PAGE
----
The Communist Party of China (CPC) is boasting of over 100 smartphone applications designed to allow senior party members to more accurately track their underlings’ loyalty, based in part on how much communist propaganda the individual consumes on the app.
The Chinese state newspaper Global Times notes that these apps “place additional pressure on members to properly and timely show their loyalty and enthusiasm for the Party.” Party members can be reprimanded if their superior notices they have not been interacting with other party members, reading speeches by president Xi Jinping, or taking online communism classes often enough through the app. The article notes that those who excel and indoctrinate themselves with the apps may be eligible for prizes such as pens and notebooks.
The apps offer a variety of indoctrination media aside from Xi’s speeches, according to the Global Times—among these quizzes to hone knowledge of Maoist thought and broader classes on communist philosophy with required homework.
“The apps not only provide online classes to learn Party doctrines, but also enable users to pay their CPC membership fees or socialize with each other,” the Times adds. “More importantly, the apps will help the CPC evaluate the performance of their nearly 90 million members in a visible, traceable and interactive manner.”
The article provides a number of reasons for there being so many apps, including the use of separate apps for different regional Communist Party structures, different features—like paying Communist Party dues—and different developers. They are all being organized under an umbrella project called “China’s Good Party Member.”
The Chinese government has taken significant technological liberties in the quest to promote communism. Last year, Beijing banned anonymous use of the internet, as well as the publication of any statements that offend “national honor” or suggest an overthrow of the “socialist system.” That law built upon a ban on the publication of blogs or internet comments anonymously passed in 2015.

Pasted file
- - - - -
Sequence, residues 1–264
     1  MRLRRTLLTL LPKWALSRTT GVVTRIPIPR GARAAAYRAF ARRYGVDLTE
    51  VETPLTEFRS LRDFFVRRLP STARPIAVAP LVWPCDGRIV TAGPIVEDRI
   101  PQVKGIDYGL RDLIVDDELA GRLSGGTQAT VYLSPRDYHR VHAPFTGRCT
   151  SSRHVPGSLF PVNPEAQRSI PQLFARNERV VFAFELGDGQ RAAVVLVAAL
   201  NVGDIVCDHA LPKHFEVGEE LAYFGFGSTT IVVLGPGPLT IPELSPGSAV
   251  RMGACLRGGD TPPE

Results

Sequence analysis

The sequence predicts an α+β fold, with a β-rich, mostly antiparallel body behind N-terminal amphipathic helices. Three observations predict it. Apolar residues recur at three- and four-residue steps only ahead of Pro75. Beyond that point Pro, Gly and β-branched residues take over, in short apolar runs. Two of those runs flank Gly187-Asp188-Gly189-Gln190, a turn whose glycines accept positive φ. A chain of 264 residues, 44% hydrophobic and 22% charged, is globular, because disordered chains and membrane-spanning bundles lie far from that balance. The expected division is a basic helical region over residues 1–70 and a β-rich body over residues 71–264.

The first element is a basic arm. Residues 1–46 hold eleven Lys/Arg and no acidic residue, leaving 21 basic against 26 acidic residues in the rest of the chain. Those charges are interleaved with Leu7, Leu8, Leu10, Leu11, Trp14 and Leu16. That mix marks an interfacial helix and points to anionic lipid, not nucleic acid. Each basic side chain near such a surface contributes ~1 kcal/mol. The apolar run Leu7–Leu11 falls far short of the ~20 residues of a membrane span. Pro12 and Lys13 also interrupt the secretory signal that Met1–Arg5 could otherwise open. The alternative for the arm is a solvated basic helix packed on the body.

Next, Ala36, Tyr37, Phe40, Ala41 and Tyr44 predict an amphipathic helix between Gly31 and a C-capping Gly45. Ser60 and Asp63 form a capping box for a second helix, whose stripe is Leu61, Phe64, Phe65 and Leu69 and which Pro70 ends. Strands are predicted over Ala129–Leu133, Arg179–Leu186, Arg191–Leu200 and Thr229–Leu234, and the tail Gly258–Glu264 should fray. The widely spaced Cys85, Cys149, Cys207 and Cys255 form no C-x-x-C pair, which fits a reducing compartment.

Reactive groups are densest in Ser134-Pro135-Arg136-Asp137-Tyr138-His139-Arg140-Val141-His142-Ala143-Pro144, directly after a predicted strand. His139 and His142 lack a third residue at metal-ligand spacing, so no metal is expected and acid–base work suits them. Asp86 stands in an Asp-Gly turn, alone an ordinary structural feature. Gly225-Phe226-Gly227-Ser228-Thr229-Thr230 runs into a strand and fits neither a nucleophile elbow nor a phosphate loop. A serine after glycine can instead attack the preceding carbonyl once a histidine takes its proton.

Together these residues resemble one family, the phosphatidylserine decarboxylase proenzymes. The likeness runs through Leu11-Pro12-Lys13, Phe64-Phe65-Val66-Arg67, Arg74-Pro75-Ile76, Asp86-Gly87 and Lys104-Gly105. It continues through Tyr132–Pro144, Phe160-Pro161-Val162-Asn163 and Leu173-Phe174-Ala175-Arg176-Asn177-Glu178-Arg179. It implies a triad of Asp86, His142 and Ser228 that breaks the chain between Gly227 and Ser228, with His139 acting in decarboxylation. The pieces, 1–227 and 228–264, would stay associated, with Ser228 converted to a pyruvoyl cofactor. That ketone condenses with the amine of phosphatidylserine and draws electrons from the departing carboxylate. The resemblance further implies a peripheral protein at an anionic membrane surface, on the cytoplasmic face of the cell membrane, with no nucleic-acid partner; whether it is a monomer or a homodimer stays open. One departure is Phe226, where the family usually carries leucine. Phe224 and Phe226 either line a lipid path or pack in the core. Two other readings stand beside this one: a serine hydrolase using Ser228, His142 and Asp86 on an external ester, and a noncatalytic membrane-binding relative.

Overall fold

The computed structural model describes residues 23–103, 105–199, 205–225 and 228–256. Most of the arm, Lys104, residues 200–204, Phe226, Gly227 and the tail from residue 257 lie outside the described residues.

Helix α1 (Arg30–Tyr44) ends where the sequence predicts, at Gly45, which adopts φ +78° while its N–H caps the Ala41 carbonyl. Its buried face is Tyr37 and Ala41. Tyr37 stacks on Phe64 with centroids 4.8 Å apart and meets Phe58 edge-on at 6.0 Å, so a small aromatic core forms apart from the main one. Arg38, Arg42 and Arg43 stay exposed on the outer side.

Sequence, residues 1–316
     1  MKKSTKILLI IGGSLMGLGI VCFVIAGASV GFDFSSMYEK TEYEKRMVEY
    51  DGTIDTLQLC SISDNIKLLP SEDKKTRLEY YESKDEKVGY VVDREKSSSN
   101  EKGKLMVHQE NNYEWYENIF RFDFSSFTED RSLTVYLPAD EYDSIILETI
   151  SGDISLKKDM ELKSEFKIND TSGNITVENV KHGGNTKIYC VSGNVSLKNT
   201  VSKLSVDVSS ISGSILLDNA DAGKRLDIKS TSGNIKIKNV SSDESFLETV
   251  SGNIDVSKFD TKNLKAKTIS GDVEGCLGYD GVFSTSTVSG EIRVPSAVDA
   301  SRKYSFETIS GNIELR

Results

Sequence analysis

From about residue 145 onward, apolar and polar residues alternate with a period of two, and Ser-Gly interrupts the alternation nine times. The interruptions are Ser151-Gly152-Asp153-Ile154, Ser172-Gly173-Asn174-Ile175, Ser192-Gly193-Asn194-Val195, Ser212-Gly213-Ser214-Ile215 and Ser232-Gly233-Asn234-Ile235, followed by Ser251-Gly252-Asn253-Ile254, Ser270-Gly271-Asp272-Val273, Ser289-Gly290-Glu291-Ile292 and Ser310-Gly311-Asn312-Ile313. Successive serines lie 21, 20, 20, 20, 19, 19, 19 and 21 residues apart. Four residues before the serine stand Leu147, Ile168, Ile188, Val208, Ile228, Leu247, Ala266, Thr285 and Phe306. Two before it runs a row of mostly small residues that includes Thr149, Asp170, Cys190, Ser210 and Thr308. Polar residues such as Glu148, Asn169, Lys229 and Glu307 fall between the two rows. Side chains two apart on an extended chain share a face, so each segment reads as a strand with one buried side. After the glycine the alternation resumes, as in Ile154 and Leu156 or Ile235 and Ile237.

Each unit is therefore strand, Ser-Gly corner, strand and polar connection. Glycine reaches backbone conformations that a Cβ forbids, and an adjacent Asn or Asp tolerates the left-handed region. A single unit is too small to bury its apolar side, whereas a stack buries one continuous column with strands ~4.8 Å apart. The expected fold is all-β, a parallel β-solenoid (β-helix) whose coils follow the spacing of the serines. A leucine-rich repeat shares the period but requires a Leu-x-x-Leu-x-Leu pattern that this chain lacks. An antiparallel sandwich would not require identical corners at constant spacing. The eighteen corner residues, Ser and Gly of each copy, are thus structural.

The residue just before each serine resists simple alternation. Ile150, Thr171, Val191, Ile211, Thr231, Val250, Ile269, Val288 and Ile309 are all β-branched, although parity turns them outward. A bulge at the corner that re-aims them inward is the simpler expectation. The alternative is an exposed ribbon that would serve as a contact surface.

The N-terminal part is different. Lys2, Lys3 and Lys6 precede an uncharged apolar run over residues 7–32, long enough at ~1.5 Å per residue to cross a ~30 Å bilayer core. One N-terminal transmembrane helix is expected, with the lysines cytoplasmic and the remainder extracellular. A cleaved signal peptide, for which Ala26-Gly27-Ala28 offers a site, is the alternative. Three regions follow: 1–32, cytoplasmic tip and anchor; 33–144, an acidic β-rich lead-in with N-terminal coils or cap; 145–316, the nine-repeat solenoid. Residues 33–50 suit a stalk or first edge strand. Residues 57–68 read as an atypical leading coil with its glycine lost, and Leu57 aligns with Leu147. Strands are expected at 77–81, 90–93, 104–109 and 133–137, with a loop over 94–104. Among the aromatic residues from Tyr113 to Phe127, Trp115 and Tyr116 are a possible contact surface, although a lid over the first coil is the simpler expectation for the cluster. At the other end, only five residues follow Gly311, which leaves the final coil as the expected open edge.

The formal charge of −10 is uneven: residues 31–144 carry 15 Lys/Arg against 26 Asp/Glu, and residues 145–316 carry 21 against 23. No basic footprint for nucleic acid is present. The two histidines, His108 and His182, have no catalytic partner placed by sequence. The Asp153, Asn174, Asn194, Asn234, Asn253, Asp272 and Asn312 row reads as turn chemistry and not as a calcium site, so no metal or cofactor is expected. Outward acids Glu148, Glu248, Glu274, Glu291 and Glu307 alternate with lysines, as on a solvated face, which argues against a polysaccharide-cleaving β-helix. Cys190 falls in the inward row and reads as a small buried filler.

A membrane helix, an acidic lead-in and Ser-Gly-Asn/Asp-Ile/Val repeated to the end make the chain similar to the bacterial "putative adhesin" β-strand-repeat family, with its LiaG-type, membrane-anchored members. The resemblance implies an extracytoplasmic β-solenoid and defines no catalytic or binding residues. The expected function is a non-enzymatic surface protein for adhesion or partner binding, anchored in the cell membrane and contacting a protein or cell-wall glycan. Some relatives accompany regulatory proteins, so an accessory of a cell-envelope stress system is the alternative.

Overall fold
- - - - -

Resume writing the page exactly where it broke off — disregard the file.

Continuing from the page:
The CPC regulation apps are part of a greater party organization overhaul in anticipation of the CPC National Congress, beginning October 18. The event, which typically occurs every five years, will give the party an opportunity to elect, re-elect, and promote leaders within the CPC. Local officials told the Global Times in a separate article that they have already been using technology to communicate regarding recommendations for appointments and recruitment of candidates.
“We solicited the opinions of 130 Party members outside the area via telephone and WeChat, an instant messaging service. We visited the homes of elderly members, taking recommendation forms and explaining the policy face to face,” local official Yan Weiping said. Without meeting personally with officials, getting on a CPC ballot is nearly impossible.
In July, communist officials told the Global Times they had organized historical indoctrination tours to generate enthusiasm for the Party Congress. That month, “more than 760 Party members from the State-owned China Construction First Building Corporation Limited took a tour to trace the Party’s footprints from its birth to today.” The tour reportedly took 50 days and included “Chairman Mao’s hometown of Shaoshan, Hunan Province and even Moscow.”
The Chinese state outlet Xinhua states in a report published Friday that the CPC Congress will seek to promote China as “champion of the open world economy” against “protectionism and isolation,” as well as promote a climate change agenda and combat a “Cold War mentality.” Delegates are also expected to vote on amendments to the CPC constitution which would “promote the development of socialism with Chinese characteristics and Party building,” according to Xinhua.
President Xi Jinping’s term as head of the party concludes in 2022, but the South China Morning Post contends that it may become clear already at this Congress that he will seek another term as head of the party, given the lack of obvious successors. Those who support extending Xi’s term, the newspaper argues, claim “that China is at a critical juncture and needs a strong leader with a long-term strategic vision.”